Monday, March 11, 2013

Cricket Australia: Daring to think beyond Test Cricket ?

Just about 17 years ago to the day, Australia were coincidentally also in Mohali. On 14th March, 1996, Australia and West Indies played one of the best ever World Cup Knock out matches - with Australia winning the semi-final by just 5 runs. It was a game, that I watched a little bit - with eyes red from the soul crushing disappointment of the previous night.
17 years later, Australia cricket provided me (and many cricket fans), a rather interesting event of dropping 4 players from their squad from the next test match on account of not completing certain presentations (apart from other things). Well, much amusement was had at the Aussies expense today - on twitter. I for one generally don't believe in kicking a man when down, but hey - who can let go of such opportunities. 
Nevertheless, while the postmortem of this rather bizarre event will no doubt remain ongoing for the next few days and weeks, I found a couple of rather interesting news articles in the Aussie newspapers.
The Australian carries the article: 

A certain domestic cricket coach is mentioned there - who appears in another story as the main subject. But before that, another headline - this time from the Herald Sun:

Australia's cricket mismanagement has created an unmitigated disaster, writes Gerard Whateley

And finally, the aforementioned coach has generated the following headline: 

Phil Hughes's coach accuses Cricket Australia of denying him preparation time ahead of India tour.

Take all this in together and you have a cricket side, which to an outsider like me, appears to be in disarray. And while it is all good fun to see the once all conquering Aussies - a little down, a weak Australian team cannot really be good for a cricketing universe, which has barely a handful of countries who take the game seriously.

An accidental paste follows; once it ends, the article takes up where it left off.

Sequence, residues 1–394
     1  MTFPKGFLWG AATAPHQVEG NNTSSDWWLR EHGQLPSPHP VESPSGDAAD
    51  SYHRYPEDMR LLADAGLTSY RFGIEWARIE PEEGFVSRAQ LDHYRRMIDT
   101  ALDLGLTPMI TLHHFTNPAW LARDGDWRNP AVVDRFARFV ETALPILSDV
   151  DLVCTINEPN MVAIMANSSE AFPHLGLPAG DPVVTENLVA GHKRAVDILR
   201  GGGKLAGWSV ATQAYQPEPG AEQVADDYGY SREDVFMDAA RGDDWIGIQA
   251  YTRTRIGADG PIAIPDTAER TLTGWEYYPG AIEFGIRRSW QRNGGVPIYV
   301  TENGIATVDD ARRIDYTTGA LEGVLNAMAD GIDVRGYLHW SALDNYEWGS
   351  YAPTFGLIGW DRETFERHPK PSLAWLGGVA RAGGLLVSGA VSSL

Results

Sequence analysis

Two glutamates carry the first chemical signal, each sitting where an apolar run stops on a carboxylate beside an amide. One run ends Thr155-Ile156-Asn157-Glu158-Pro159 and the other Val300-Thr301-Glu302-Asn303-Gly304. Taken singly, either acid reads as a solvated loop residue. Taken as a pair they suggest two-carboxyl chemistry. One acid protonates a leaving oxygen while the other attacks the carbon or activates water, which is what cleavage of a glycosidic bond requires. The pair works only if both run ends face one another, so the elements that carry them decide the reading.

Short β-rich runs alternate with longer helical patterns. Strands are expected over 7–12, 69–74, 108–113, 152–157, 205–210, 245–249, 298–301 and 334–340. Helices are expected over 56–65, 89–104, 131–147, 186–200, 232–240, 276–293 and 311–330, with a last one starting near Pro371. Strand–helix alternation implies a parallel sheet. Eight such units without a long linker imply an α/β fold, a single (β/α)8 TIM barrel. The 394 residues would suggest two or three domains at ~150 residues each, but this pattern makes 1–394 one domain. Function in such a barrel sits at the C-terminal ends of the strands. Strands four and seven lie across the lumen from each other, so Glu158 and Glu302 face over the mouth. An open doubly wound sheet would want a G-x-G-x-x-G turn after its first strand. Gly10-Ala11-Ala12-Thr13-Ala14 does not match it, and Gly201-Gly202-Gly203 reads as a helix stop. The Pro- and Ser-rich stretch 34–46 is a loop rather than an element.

Coming back to today's events, going by the standards of journalism set in the summer of 2011, I could accuse Cricket Australia of arrogance today. They are probably denying the paying Indian cricket public of seeing the best Australian cricket team in the next 2 tests. Perhaps they just made a mockery of test cricket with their complete John Buchanan-isation of selection. Note: They have had problems in the past, but they were dealt in a different way perhaps. Nevertheless, these are their internal matters. But just one last point before I end. If you read Clarke's statements from the interview, the below paragraph struck out for me.

"We can't accept mediocrity here. This is the Australian cricket team. Maybe I am biased [but] there is a big difference between this team and other cricket teams. If you play for Australia there is a lot that comes with that and standards, discipline, culture that is all a big part of what we are talking about here."

I wonder what he meant, when he said, there is a big difference between this team and other cricket teams. Was he implying that Australians happen to have a superior cricketing culture, tradition etc etc compared to everyone else ? Perhaps they do. But how did he come to this conclusion ? What did he mean when he talked about standards, discipline, culture ?  Not that it matters, but just for the record, the last Australian cricketer who played in such a manner (with their standards, discipline and culture) that I became a fan, made his test debut way back in November, 2005. Since then, I haven't really been impressed by any of their lot. But then, that's just me.

No comments:

Post a Comment

Creative Commons License

Creative Commons License This work is licensed under a Creative Commons Attribution-Noncommercial-No Derivative Works 3.0 Unported License. Copy Pasting from this site is allowed only if you give credits. Ok ?